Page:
Skip to comments.WebRTC Leak Vulnerability – SOLVED (For all Browsers)
Posted on 04/01/2019 4:31:27 AM PDT by Texas Fossil
When discussing online privacy and VPNs, the topic of WebRTC leaks and vulnerabilities often comes up.
While the WebRTC issue is often discussed with VPN services, this is in fact a vulnerability with web browsers Firefox, Opera, Chrome, and Brave.
So what is WebRTC?
WebRTC stands for Web Real-Time Communication. This basically allows for voice, video chat, and P2P sharing within the browser (real-time communication) without adding extra browser extensions further described on Wikipedia here.
While this feature may be useful for some users, it poses a threat to anyone using a VPN and seeking to maintain online anonymity.
The fundamental vulnerability with WebRTC is that your true IP address can be exposed via STUN requests with Firefox, Chrome, Opera and Brave browsers, even when you are using a VPN.
Daniel Roesler exposed this vulnerability in 2015 on his GitHub page, where he stated:
Additionally, these STUN requests are made outside of the normal XMLHttpRequest procedure, so they are not visible in the developer console or able to be blocked by plugins such as AdBlockPlus or Ghostery. This makes these types of requests available for online tracking if an advertiser sets up a STUN server with a wildcard domain.
Just like with browser fingerprinting, the WebRTC issue is a vulnerability with web browsers..>.
(Excerpt) Read more at restoreprivacy.com ...
Simply upgrading from Debian 8 to Debian 9 is not a simple process, so I did the next best thing and upgraded all of what was available for Debian 8.
But when I upgraded the Firefox browser I found a lot of instability that I did not have before. I had no active plugins (I thought).
In my search for a solution to that I stumbled onto a security issue related to WebRTC. What is that? Looks like a programmers nightmare to me now. It is said to be an improvement allowing java script from one computer to another. But it appears it makes even VPN connections vulnerable to being viewed by a simple java attack.
So I followed the instructions on this page and it seems to have fixed my recent crash issue. I edited the about:config in Firefox and disabled WebRTC. It is a little early to be sure, but I've been planning to add VPN to my connection when I get moved to the farm in the near future. If VPN is not secure because of WebRTC, we should at least know about it.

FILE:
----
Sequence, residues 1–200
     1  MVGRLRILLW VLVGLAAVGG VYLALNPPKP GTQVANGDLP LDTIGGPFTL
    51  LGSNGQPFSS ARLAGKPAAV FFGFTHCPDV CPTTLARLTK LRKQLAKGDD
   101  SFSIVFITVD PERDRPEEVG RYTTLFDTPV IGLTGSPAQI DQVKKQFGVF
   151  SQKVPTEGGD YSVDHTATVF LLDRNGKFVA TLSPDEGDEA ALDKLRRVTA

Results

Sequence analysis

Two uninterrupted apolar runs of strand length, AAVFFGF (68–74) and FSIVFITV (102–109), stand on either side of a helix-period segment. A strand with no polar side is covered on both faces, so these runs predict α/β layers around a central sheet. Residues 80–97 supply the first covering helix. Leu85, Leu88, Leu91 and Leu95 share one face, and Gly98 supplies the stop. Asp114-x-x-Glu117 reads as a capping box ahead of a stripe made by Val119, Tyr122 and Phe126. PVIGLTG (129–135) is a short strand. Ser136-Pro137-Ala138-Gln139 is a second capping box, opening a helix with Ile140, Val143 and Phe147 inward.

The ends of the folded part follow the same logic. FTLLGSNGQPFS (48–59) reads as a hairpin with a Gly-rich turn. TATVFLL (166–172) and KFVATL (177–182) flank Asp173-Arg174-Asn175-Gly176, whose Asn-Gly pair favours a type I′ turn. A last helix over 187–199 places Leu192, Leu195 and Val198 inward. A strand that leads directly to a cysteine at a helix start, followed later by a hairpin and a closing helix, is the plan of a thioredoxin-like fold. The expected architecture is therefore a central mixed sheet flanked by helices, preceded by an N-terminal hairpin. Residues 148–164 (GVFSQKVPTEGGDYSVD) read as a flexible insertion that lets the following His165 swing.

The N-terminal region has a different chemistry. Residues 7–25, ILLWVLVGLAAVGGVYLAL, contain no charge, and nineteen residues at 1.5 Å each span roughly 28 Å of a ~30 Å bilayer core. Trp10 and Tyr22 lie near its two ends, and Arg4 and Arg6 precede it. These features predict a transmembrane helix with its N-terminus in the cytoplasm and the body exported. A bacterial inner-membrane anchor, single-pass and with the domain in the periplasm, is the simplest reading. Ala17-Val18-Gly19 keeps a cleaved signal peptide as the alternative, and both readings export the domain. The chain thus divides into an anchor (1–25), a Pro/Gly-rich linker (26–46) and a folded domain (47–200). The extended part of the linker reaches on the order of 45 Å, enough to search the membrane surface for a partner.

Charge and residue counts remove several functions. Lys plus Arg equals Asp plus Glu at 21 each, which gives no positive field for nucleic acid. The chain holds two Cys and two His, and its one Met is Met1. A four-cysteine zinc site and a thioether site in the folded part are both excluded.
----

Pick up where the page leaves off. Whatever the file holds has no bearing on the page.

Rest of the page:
Any opinions of the merit of this type of software?
Thanks. For later.
Do you have an opinion about WebRTC security issues?
How do you handle the STUN queries?
Use the M.O.O.S.E interface
“WebRTC. Apart from opening up a whole can of worms security/privacy-wise, “Web Real Time Chat” (comparable with Skype video calls and the likes) is not considered useful or desired functionality for Pale Moon (both according to the developers and the users of the browser at large). This is best left to dedicated programs or at most a browser plug-in.”
Sending data on the internet is STILL like shouting it from the street corner... so be careful.
*PING* to your respective lists.
I stopped using Windows long ago.
Still have 2 Windows machines in my house.
I keep one of them for referencing things my wife checked on it.
Security in general is better using Linux, but some changes are going on with Firefox and security in general that affect both Windows and Linux systems. Get error message of “wrong user name or password”. When I go to Internet Explorer under the Windows machine it logs in fine.
I have found my old email provider will no longer work under Firefox under Windows or Linux.
The login handshake has changed. Have not fixed that yet.
I will have to make some changes on my Debian 8 machine to install Palemoon. I looked at it. It suggested an actual upgrade to Debian 9, which has some issues that will have to be manually worked around. Right now don’t have the time for along project.
Thanks I will not forget “Palemoon”. I’m taking my security more serious lately and plan to add VPN soon.
Yes, sir. I’m aware and totally sure you are correct.
The vulnerability you posted in this thread is a good example of how platform-independent applications carry potential problems everywhere.
With regard to Windows, I have multiple Win7 instances, of which all but one are VMs; the exception is a dual-boot (BootCamp) on my Mac. They're for running Windows-only applications -- I don't use them for internet access other than updates. My internet work is done primarily on MacOS and Linux (CentOS and Ubuntu), but that's mostly because a lot of my real work is done at an SSH xterm, which are properly integrated into those platforms; none of the third-party bolt-on xterm/SSH solutions for Windows are nearly as handy for my work.
I've been using Palemoon for a few years now. Never looked back when Mozilla went to the dark side. But while we're on the subject of VPN, can anyone suggest a good one because with the heightened sense of security going around now I'll be looking for now one.
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